In mid-2012, as expressions of concern from the United States and Europeans mounted, the Hungarian Government began responding in constructive ways. The government voluntarily submitted many laws for review by the legal experts of the Council of Europe’s Venice Commission. In some cases, though by no means all, the government modified laws to take into account specific concerns expressed by the Commission. While some important issues remained unresolved, we were heartened that Hungary was engaging in dialogue, recognizing the merits of concerns expressed by the United States and others, and taking steps to address them.



We were further heartened when, early this year, Hungary’s Constitutional Court issued several rulings striking down controversial legislation. This demonstrated that the Court could serve as an effective check on government. Unfortunately, the reaction by the Hungarian government again called into question its commitment to checks and balances and institutional independence. The government drafted and swiftly passed a new constitutional amendment, parts of which reinstated laws that had just been struck down by the Court. Again, the process was rushed and lacking in broad societal consultation. Moreover, the Hungarian Government ignored pleas from the State Department, European Commission, and Council of Europe – as well as several respected, non-partisan Hungarian NGOs – to engage in a more careful, deliberative process and allow for the Venice Commission’s experts to review the amendment. This has prompted renewed expressions of concern from the Council of Europe, the President of the European Commission, and other allied governments, including the United States. While the Government of Hungary has now submitted the amendment to the Venice Commission, this is the opposite of the normal procedure, whereby the Commission reviews laws before they are passed, not after passage.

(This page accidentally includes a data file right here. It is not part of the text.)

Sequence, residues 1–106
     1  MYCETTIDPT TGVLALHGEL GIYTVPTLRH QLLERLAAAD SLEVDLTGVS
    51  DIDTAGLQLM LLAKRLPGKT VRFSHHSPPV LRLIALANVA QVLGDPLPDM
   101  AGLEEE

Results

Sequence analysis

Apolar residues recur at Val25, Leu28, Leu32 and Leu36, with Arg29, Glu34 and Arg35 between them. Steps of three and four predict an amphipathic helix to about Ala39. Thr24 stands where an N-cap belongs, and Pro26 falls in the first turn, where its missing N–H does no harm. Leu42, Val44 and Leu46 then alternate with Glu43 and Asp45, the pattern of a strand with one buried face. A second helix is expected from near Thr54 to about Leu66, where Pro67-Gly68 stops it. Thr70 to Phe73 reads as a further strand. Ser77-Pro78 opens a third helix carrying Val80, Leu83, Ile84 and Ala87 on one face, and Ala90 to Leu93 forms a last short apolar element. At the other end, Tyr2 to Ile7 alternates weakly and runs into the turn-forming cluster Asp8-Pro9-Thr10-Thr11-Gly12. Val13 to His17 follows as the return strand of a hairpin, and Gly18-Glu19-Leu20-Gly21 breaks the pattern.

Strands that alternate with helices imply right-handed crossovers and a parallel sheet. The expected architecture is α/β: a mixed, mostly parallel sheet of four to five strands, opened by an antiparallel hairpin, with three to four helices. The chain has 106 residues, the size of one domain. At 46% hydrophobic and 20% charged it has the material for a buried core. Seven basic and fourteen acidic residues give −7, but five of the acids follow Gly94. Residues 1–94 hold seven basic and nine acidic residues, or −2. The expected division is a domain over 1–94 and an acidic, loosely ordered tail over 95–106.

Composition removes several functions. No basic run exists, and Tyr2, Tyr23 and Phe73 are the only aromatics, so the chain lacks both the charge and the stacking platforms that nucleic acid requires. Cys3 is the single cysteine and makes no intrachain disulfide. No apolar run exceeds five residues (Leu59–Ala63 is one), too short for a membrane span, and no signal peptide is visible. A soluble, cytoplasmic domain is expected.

I would like to address one other area that has provoked much concern: the rise of extremism in Hungary. This phenomenon is, sadly, not unique to Hungary. The rise in Hungary of the extremist Jobbik party as one of the largest opposition groups in parliament, and Jobbik’s affiliated paramilitary groups that incite violence, are clear challenges to tolerance.